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PEDAR: Executive Summary Short-Term Enrollment in Postsecondary Education: Student Background and Institutional Differences in Reasons for Early Departure, 1996-98
Introduction
What Proportion of Students Left College Without a Credential and Did Not Return in the First 3 Years?
What Factors Were Associated with Early Departure from Postsecondary Education by Institution Type?
Students' Educational Expectations
Other Characteristics
What Reasons Did These Short-Term Enrollees Give for Their Departure?
What Other Characteristics of Short-Term Enrollees Were Associated with Their Reasons for Departure?
Were Differences in Reasons for Departure by Institution Type Found After Controlling for Other Characteristics?
Other Results
Research Methodology
References
Full Report (PDF)
Executive Summary (PDF)
Were Differences in Reasons for Departure by Institution Type Found After Controlling for Other Characteristics?

The results suggest that the reasons for leaving differ between students who began at public 2-year institutions and those who began at 4-year institutions. These differences may be related to the different student populations at 2-year compared with 4-year institutions. For example, reasons given for departure varied between students with and without various nontraditional characteristics, and these students also differed with respect to the types of institutions in which they began their postsecondary education. Students with nontraditional characteristics (such as not having a regular high school diploma or being financially independent) who left were less likely than students without these characteristics to report that they left because of academic problems, as did short-term enrollees who began at 2-year institutions compared with those who began at 4-year institutions. On the other hand, students with nontraditional characteristics who left postsecondary education without a credential were more likely than those without these characteristics to say they were done taking the classes they wanted, as were short-term enrollees who began at public 2-year institutions compared with those who began at 4-year institutions. Among all beginning students as well as among those who left early, students from public 2-year institutions were more likely than those from 4-year institutions to have nontraditional student characteristics.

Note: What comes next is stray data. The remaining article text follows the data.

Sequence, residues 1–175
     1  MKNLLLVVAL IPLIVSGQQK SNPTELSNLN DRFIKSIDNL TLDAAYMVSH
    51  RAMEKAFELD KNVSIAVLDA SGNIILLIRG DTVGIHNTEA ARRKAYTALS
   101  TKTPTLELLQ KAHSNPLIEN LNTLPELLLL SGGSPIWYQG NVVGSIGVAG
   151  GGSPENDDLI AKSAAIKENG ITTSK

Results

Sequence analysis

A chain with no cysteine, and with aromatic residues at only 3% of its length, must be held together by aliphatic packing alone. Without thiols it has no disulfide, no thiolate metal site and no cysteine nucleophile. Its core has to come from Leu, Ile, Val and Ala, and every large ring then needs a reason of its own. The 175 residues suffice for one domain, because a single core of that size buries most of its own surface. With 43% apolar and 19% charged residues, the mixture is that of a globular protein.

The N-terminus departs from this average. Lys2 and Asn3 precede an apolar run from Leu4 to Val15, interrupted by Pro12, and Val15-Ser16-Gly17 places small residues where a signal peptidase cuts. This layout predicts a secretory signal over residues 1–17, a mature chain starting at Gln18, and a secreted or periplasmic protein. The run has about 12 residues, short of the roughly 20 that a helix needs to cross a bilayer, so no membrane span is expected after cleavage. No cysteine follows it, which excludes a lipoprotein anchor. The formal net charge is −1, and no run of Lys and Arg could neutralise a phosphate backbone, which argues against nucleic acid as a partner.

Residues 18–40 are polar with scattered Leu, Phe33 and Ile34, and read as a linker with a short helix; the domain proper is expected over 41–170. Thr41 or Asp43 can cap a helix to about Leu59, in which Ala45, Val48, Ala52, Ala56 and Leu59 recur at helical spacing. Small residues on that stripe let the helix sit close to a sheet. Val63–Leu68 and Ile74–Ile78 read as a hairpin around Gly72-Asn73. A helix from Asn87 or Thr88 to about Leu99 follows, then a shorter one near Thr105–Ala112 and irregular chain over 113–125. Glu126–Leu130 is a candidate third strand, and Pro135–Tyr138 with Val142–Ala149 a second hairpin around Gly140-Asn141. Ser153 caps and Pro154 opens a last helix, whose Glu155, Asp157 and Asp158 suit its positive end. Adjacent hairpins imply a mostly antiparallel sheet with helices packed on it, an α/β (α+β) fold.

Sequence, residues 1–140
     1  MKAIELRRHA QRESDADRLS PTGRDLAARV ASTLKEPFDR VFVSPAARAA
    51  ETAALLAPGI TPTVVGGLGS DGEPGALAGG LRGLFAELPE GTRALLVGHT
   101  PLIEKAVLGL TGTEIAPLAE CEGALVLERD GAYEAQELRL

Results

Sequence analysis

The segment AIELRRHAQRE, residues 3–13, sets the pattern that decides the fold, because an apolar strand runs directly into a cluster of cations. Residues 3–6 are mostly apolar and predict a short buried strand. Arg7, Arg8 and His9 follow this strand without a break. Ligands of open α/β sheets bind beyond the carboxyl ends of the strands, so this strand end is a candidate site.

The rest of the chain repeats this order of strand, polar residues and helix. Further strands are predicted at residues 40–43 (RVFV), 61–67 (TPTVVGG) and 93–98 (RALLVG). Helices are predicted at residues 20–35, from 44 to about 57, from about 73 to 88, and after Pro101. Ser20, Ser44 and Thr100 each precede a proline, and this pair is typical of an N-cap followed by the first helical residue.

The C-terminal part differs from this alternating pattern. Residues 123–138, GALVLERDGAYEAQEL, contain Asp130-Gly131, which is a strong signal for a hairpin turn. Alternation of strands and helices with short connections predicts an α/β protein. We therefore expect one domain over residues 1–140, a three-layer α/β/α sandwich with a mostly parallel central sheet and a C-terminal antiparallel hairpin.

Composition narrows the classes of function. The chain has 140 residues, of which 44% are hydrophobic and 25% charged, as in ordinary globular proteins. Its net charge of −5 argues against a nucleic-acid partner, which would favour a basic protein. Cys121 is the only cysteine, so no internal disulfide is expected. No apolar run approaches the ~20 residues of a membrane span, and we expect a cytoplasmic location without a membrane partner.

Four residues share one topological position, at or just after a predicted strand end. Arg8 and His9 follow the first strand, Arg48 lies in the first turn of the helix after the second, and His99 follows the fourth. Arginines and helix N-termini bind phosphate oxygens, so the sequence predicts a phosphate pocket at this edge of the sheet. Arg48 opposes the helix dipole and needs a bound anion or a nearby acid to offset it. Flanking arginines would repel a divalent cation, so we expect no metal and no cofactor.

After taking into account other factors associated with various reasons for departure, short-term enrollees who began at public 2-year institutions were still less likely than those who began at 4-year institutions to say they left because of a change in family status and more likely to say they left because they needed to work. In the multivariate analyses, no differences were found in the rates at which short-term enrollees from different types of institutions reported leaving because of academic problems or because they had completed the classes they wanted. However, in both cases, initial degree objectives were related to leaving: those who planned to complete a bachelor's degree at their first institution were more likely to leave for academic reasons than those who planned to complete an associate's degree, and those who did not plan to obtain any credential from their first institution were more likely than others to leave because they were done taking the classes they wanted.


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National Center for Education Statistics - http://nces.ed.gov
U.S. Department of Education